Viv Lees: “I feel like I'vebeen in an abusiverelationship"
Sun 22nd Jan, 2012 in Local News
Former Big Day Out promoter Viv Lees has broken his silence about the fracturing of his twenty year partnership with Ken West, telling The Sunday Age, “It was appalling. I feel like I’ve been in an abusive relationship.”
Coinciding with the event’s first Australian stop on the Gold Coast, Lees’ interview reveals a man not entirely happy with the events that transpired in 2011: “I loved being in the Big Day Out and it was a very poor outcome for me,” he admits, “But I don’t want to be negative about it because it’s my legacy and I put a lot into it.”
Lees says that when he realised it was no longer financially viable to continue with this year’s event he approached West but that, “Ken wouldn’t hear it. His response was not to look at it as a business proposition but to barge ahead and try to overwhelm me with his arguments.”
West recounted his version of events to the New Zealand Herald in December, saying: “My business partner bailed on me one day after going on sale – which was very helpful – after thirty years of working with each other. Without going into the gory details, we had an understanding… The agreement was I that I felt personally that with the twentieth year we were trying so hard to deliver the impossible – we’d put massive offers in for Eminem beyond our budget, we were prepared to take a loss for this year to produce the best show we could.”
This differing of opinions led to West offering to buy Lees out, and as Viv recalls: “I’ve no reservations about my decision. I feel strange being out of it when I’ve been part of it for 20 years but, at the same time, I couldn’t work with him. I found him too objectionable. ”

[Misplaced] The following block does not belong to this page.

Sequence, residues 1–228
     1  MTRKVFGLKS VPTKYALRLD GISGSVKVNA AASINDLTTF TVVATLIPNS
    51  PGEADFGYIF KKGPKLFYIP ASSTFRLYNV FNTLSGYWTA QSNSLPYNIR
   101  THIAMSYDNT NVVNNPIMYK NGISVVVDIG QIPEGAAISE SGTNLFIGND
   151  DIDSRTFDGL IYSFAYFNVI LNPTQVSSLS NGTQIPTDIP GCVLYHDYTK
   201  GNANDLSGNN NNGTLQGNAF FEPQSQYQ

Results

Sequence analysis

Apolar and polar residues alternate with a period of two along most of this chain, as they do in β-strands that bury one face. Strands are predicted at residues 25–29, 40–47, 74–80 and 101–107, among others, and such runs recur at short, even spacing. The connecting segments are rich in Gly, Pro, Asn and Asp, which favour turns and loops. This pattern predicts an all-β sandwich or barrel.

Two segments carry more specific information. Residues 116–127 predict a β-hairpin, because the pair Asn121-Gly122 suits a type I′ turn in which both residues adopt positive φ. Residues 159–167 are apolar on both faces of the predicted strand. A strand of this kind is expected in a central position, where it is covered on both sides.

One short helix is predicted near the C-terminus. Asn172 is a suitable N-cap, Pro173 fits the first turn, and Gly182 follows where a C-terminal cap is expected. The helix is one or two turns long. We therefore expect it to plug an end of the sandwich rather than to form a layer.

West has since entered into a financial partnership with Lollapalooza promoters C3, who now own a 51% stake of the company.
Lees also touches on his disenchantment with the vitriol of Facebook users, who slammed the festival’s decision to book a “pop” headliner such as Kanye West; something which Ken had previously revealed “was part of the reason why my 58 year old business partner [quit].” Lees admits, “They weren’t looking from the positive point of view that he is one of the great creative musicians in the world at the moment. A big festival in the UK or the US can put people like that on, but we have an audience that’s closed to that. So it is disappointing.”
However, despite the bitter end to a hugely successful twenty year partnership Lees ultimately wishes nothing but the best for his former partner: “I think there’s nothing that can’t be turned around with a line-up that crosses over different groups in the audience. Ken is trying very hard to keep the spark of life in it and he’s brave for doing that.”